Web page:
4. Check the password for the account.

    NOTE: The Tasks pane opens when you start a task. You can resize your desktop client console so that the Tasks pane is not covering the Administrative Tools.

    The "Check" option verifies the account password is synchronized with the Safeguard for Privileged Passwords database; this action should succeed.

    TIP: If Check Password fails, run Check Asset from the context menu of the asset to ensure that Safeguard for Privileged Passwords can communicate with it. Then retry the Check Password option on the account.

  5. Set the password for the account to Mypass01 using the Manual Password option.

    The Manual Password option manually sets the account password in the Safeguard for Privileged Passwords database; not on the appliance; so now they are not in sync.

  6. Check the password for the account.

    The Check option should fail because the account password is not in sync with the Safeguard for Privileged Passwords database.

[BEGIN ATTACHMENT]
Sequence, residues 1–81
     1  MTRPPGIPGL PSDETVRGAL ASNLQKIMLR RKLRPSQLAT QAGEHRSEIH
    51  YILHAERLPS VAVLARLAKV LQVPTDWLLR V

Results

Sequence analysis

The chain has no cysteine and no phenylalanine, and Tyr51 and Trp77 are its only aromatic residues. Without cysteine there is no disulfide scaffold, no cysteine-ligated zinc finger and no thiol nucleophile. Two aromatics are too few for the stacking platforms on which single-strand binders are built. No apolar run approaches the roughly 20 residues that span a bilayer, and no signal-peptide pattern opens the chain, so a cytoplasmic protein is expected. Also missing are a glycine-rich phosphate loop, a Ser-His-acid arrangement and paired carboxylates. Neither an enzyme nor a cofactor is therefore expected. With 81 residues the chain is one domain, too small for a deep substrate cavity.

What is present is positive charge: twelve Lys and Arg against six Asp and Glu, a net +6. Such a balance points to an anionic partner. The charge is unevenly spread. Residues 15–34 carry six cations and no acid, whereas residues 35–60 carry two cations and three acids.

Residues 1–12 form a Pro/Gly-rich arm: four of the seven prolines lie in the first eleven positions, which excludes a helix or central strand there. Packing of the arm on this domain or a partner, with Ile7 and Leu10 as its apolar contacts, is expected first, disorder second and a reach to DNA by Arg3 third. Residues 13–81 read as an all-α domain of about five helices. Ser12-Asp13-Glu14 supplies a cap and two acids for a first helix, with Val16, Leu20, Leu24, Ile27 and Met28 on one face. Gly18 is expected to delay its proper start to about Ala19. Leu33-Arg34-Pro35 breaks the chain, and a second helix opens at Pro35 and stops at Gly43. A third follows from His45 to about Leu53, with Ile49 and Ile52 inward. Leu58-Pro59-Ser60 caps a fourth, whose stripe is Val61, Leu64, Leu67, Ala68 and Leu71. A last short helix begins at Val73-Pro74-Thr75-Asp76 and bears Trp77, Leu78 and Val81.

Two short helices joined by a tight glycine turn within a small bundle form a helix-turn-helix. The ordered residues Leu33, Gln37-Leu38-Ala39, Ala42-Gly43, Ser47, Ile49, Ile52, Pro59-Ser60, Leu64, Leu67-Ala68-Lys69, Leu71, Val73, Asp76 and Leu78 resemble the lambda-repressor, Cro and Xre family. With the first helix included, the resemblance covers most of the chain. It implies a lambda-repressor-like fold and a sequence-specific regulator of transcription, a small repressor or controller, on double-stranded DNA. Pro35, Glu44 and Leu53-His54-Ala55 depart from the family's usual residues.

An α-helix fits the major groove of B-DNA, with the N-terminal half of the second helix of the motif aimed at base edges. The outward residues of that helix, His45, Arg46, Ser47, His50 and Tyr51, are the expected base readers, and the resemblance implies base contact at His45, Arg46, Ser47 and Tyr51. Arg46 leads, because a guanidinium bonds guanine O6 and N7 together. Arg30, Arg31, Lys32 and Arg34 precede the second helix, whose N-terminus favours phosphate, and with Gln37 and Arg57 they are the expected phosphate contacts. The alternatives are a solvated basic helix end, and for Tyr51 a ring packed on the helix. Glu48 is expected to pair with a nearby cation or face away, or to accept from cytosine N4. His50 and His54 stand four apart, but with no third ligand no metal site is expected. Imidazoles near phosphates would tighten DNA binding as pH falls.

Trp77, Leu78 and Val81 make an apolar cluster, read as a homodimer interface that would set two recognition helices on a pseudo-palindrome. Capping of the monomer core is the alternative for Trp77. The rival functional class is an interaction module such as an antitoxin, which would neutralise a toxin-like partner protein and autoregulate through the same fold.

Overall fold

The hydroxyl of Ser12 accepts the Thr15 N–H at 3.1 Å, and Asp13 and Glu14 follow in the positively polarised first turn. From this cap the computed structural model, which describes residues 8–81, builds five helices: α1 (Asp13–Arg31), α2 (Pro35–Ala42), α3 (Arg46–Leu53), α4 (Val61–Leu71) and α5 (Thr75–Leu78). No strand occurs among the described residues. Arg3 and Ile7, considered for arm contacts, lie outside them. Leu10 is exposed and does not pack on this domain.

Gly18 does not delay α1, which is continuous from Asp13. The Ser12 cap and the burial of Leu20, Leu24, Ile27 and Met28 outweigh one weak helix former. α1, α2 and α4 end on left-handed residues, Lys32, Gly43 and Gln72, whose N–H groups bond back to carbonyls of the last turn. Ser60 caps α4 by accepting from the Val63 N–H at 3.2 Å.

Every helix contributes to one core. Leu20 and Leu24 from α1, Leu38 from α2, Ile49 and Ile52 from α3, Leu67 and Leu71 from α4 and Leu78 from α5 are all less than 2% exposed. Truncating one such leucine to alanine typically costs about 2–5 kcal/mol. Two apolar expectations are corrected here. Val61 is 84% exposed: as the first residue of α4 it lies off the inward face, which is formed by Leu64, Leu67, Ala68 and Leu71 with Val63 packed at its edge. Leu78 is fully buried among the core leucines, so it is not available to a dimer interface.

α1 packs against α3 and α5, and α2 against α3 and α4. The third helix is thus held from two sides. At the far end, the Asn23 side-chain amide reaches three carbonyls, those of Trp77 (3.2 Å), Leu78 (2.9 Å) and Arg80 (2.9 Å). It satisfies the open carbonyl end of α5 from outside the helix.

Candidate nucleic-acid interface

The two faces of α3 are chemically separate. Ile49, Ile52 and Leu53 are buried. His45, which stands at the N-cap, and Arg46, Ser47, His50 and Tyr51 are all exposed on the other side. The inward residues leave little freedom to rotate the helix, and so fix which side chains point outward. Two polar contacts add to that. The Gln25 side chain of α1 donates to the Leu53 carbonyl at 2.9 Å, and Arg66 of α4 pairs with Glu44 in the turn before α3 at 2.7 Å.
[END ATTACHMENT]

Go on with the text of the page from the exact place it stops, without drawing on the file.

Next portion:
7. Change the password for the account.

    The Change option creates a new account password and synchronizes it on the Safeguard for Privileged Passwords database.

  8. Check the password for the account again.

    This task should now be successful.

Stay logged in as the AssetAdmin for the next exercise.

Exercise 2: Accessing the Password Archive

Password Archive allows you to access a previous password for an account for a specific date.

NOTE: The Password Archive dialog only displays previously assigned passwords for the selected asset based on the date specified. This dialog does not display the current password for the asset.

To access an account's previous password

  1. In Accounts, select the account you have been working with.
  2. Click Password Archive from the toolbar.
  3. In the Password Archive dialog, select today's (or a previous) date.

    TIP: If no entries are returned, this indicates that the asset is still using the current password.

  4. In the View column, click to display the password for the specified date.
  5. Either Copy the password, or click OK to close the dialog.
  6. Close Password Archive to return to Accounts.

Stay logged in as the AssetAdmin for the next exercise.